NSW Work Injury Damages – McCormick v Mt Pleasant Stud Farm Pty Ltd (No. 2)  NSWDC 489
If you have suffered a work-related injury resulting from your employer’s negligence, you may be able to make a work injury damages claim (WID).
In NSW, a claim for WID may be made under a combination of the common law tort of negligence, the Workers Compensation Act 1987 (NSW) and the Workplace Injury Management and Workers Compensation Act 1998 (NSW).
In the recent NSW District Court case of McCormick v Mt Pleasant Stud Farm Pty Ltd (No. 2)  NSWDC 489, the plaintiff successfully made a WID claim against his employer and received the sum of $1,395,525.
The plaintiff in this case claimed that the defendant was negligent in the manner in which it required him to perform his duties as manager and trainer at its thoroughbred horse stud farm. He claimed that as a result of the defendant’s negligence, he suffered injuries to his neck, right arm and shoulder that deprived him of any income earning capacity.
The claim arose out of an accident that occurred at the defendant’s premises on 29 December 2014 when the plaintiff was 49 years of age. The plaintiff fell from a horse that he was breaking in as part of his duties as a trainer. The task was known by both the defendant and the plaintiff to be hazardous because of the unpredictable nature of large, young horses. It was ultimately held by Sidis ADCJ that the defendant acted negligently towards the plaintiff by not taking reasonable precautionary action to guard against the risk of injury in this process by providing the plaintiff with an assistant who was capable of controlling the horse during the breaking in process.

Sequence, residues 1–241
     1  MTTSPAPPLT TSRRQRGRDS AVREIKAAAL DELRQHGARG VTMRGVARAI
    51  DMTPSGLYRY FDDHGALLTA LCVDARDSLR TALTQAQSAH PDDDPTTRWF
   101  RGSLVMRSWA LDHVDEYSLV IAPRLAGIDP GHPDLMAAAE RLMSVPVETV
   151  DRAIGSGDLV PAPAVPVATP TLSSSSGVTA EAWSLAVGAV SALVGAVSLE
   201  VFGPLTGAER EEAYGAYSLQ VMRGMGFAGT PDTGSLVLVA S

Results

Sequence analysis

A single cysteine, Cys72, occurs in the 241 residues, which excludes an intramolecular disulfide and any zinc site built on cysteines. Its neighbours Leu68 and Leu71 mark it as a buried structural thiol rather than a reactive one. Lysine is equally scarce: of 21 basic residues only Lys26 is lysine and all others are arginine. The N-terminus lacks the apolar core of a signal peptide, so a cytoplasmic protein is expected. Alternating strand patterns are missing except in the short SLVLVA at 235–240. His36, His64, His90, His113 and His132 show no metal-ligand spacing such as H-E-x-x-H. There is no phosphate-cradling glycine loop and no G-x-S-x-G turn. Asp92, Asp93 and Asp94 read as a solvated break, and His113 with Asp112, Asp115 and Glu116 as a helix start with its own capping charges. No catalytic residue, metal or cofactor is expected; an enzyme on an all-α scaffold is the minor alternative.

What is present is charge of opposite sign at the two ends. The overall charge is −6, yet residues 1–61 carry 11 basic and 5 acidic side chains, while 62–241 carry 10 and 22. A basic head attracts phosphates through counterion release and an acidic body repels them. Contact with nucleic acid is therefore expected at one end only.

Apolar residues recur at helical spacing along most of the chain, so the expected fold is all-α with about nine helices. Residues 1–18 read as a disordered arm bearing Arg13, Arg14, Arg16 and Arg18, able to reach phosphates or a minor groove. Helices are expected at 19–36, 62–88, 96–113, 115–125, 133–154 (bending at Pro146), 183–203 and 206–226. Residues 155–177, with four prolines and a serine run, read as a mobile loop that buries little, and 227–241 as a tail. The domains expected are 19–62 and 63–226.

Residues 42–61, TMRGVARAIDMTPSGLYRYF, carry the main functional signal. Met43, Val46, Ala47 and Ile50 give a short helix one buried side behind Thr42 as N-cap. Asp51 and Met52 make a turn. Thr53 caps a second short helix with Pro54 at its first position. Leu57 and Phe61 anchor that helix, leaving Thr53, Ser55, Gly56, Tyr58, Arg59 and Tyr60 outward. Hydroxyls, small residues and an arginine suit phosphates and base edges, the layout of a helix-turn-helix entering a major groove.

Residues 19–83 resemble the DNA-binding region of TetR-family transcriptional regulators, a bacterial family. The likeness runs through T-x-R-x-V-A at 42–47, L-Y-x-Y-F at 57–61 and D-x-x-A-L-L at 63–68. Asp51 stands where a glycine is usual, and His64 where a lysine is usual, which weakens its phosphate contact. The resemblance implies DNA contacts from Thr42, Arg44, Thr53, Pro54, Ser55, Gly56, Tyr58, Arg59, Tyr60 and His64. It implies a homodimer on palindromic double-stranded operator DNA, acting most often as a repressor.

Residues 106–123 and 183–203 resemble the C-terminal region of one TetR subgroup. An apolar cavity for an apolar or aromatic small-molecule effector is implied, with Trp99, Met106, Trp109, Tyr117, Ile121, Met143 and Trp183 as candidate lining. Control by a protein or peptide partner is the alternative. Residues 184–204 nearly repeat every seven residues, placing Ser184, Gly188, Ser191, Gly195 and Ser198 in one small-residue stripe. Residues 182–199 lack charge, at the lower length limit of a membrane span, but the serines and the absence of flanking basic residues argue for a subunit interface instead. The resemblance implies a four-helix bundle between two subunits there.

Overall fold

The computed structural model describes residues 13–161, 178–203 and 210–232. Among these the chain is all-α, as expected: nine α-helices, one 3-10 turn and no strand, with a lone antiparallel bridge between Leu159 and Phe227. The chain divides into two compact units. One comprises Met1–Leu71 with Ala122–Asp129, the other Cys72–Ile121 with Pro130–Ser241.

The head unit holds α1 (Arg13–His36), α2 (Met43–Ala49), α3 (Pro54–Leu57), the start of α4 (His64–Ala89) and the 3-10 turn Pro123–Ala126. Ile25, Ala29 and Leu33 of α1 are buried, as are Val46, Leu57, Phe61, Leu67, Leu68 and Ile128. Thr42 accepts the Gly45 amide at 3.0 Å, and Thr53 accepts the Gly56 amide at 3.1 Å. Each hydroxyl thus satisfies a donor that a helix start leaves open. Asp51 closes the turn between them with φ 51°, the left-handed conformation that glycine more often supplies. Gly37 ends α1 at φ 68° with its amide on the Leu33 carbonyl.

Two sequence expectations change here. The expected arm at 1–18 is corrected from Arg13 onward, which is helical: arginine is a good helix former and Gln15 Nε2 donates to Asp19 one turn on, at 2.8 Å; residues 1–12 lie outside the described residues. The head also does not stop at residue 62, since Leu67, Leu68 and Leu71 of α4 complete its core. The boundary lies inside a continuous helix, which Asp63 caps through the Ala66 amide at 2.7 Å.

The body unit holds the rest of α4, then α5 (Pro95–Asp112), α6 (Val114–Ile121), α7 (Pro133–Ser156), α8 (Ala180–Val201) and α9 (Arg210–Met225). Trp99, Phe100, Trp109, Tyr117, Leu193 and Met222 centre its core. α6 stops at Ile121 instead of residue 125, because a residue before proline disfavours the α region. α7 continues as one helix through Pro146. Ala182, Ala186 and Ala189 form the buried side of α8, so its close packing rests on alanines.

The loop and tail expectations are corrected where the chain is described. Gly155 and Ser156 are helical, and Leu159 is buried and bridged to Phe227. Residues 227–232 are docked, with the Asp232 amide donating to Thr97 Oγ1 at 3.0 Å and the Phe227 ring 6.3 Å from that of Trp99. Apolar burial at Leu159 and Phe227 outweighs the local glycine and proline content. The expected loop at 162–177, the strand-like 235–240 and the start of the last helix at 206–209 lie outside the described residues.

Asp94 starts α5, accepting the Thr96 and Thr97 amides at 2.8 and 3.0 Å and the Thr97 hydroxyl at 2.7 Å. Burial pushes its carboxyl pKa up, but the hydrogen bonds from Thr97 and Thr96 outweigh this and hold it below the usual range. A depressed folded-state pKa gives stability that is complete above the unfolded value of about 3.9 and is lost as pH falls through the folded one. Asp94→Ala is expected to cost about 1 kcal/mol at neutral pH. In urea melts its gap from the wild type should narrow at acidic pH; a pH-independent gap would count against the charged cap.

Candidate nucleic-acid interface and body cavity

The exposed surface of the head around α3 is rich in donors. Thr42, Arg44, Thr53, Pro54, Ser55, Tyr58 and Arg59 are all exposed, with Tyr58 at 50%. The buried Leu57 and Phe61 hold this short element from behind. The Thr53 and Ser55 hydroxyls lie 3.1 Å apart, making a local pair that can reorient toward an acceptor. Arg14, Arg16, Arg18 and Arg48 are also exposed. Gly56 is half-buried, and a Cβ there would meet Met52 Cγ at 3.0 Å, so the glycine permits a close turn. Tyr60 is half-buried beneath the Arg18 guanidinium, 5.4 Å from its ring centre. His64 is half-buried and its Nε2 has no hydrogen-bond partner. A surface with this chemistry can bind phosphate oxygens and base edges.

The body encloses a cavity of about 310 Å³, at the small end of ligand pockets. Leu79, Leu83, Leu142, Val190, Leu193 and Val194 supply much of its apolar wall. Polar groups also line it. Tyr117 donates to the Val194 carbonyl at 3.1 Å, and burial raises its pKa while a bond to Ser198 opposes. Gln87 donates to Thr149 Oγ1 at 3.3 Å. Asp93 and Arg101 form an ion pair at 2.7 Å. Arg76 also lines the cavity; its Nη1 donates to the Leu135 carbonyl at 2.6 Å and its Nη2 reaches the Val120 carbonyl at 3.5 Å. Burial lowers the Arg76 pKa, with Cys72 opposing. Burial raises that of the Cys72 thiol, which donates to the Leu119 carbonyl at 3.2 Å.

In NSW WID claims, workers with work-related injuries are limited to being able to claim damages for past loss of earnings and future loss of earning capacity. As a result of the severity of the injuries suffered by the plaintiff in the case of McCormick v Mt Pleasant Stud Farm Pty Ltd (No. 2), the plaintiff was certified as unfit to work in the field in which he was experienced and for which he was educated. It was held by Sidis ADCJ that, even if the plaintiff did have residual capacity for employment, the plaintiff would present very poorly to a potential employer due to the extent of his ongoing disabilities.